A frozen or unresponsive Mac is rare, but Macs aren't immune from some of the same weaknesses as other computers. At one time or another, we've all had documents disappear, programs crash and faced that spinning beachball of dread during a busy working day.
The best thing you can do is not panic, then follow some simple instructions to get up and running again. If you are finding this is happening more often, maybe it's time to look at long-term solutions. Maybe you've not updated your operating system recently? If that is the case, then a new one comes out soon, with macOS High Sierra, now is the time to give your Mac an update.
At the same time, you may need to declutter the Mac, removing old files and long-forgotten documents to avoid troublesome Mac freezes.
Macs are fairly powerful, durable devices. It takes a lot to slow them down, or a simple issue of the Mac running too many programs, apps and browser tabs (all of then use processing power). Like with any computer, when too much is stored and too many apps are fighting for CPU processing power, you're stuck with a spinning wheel and your beloved Mac not responding to clicks and pleas.
Apps crashing are some of the most common reasons behind a Mac freezing. Usually, an app freezing won't crash the whole Mac, but that is a risk when your memory is full, or there are lots of applications running at once.
Here are some of the main reasons Macs freeze most of the time.
Let's start with a bit of obvious advice: don't panic, don't do anything you'll regret, don't push every button. In this part we'll go over unfreezing a Mac and preventing it from freezing in the future. Depending on your current trouble, we'll try to determine the core reason and what to do in each case.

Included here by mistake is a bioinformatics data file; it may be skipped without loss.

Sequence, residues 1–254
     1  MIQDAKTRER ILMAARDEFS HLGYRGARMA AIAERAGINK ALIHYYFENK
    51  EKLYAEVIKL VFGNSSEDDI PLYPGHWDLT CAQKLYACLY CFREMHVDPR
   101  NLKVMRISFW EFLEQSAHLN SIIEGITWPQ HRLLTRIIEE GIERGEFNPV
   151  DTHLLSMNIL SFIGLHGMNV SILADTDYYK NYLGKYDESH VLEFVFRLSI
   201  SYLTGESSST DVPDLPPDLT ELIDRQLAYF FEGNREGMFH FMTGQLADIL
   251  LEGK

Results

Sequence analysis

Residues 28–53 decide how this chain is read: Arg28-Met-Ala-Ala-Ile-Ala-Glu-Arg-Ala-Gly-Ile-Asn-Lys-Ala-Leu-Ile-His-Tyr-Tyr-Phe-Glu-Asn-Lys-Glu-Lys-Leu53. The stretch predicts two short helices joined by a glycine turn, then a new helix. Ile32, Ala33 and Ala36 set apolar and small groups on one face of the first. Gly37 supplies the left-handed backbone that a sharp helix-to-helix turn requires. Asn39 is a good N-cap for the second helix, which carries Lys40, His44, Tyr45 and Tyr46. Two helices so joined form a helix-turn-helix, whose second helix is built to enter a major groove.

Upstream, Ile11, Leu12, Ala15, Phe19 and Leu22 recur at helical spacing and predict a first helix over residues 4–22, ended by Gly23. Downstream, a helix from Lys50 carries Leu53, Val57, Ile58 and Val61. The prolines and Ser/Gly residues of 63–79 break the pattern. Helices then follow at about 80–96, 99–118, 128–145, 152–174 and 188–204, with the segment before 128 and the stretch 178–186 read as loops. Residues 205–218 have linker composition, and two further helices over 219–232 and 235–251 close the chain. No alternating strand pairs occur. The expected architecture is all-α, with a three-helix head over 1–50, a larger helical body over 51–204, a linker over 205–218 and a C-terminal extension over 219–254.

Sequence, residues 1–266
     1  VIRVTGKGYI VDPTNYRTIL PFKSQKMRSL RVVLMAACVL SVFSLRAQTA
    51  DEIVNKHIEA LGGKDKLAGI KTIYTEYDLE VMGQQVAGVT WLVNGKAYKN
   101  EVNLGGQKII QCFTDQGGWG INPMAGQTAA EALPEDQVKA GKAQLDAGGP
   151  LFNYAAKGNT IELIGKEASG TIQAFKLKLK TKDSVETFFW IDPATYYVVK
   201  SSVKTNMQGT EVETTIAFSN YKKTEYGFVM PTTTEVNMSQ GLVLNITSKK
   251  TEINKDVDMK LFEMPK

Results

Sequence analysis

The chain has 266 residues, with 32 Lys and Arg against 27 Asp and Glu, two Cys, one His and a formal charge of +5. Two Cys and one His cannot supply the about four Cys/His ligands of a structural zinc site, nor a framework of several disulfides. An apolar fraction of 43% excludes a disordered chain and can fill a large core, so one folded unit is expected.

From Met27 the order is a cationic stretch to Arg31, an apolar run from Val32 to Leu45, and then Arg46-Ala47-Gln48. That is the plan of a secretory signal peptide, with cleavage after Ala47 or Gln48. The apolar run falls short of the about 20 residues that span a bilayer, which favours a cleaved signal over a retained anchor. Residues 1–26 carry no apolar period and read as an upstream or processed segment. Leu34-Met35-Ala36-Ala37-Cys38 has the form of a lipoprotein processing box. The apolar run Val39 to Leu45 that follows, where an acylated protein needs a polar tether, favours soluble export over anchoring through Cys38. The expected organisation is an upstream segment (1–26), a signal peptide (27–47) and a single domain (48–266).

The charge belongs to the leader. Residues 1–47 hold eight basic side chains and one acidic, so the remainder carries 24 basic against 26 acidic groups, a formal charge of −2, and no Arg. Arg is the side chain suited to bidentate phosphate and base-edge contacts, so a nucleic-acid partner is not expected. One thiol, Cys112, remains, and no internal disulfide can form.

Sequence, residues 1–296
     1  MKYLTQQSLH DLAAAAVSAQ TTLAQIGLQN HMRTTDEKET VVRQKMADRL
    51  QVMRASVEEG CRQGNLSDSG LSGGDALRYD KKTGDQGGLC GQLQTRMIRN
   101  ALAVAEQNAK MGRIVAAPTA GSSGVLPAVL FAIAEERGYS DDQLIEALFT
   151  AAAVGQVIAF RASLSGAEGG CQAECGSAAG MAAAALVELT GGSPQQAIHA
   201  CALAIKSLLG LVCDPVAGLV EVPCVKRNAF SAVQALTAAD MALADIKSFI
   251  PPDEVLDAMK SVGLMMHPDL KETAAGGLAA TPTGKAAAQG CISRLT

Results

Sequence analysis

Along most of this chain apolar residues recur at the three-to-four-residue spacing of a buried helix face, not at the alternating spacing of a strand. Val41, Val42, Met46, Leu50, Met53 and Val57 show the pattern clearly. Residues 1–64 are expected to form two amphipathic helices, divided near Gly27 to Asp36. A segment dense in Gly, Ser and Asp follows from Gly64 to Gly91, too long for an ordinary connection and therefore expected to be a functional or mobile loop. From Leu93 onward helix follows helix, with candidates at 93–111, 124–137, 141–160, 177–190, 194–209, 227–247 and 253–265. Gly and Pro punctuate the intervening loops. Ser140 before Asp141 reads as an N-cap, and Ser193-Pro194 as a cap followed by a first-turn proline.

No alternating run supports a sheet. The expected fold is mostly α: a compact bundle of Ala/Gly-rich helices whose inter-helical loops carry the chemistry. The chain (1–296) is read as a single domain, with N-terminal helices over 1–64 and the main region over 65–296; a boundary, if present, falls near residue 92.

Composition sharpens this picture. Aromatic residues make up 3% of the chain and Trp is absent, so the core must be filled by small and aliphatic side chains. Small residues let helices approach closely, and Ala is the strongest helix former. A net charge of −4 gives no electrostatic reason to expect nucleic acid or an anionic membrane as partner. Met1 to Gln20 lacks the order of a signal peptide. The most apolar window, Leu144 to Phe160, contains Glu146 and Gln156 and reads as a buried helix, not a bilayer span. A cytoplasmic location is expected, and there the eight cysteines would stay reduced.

First aid: How to unfreeze a Mac
First, you need to bring your Mac back to life. When it's unresponsive - either as a result of an app or the computer is struggle to function — you can either click Restart, from the main menu, or press Command-Control-Power (Eject for keyboards and iMacs) to get it to restart.
If neither of those solutions works, then you can hold the power button down which will restart the device. Not an ideal solution, since you can lose anything unsaved, but at least that should restore it to normal.
What if you resurrected your Mac and realized some of the files are missing? Don't worry just yet, installDisk Drill, the world's premier data recovery software for macOS. It was created for the cases when Mac crashed and you lost data and when you accidentally deleted files. Disk Drill is powerful enough to retrieve long-lost, mistakenly deleted files from Macs, external hard drives and USB drives and camera cards. Simply open the app and scan the chosen drive or partition, preview to find exact files you want to restore and restore them.
Now, let's make sure your Mac doesn't make a freeze into a habit.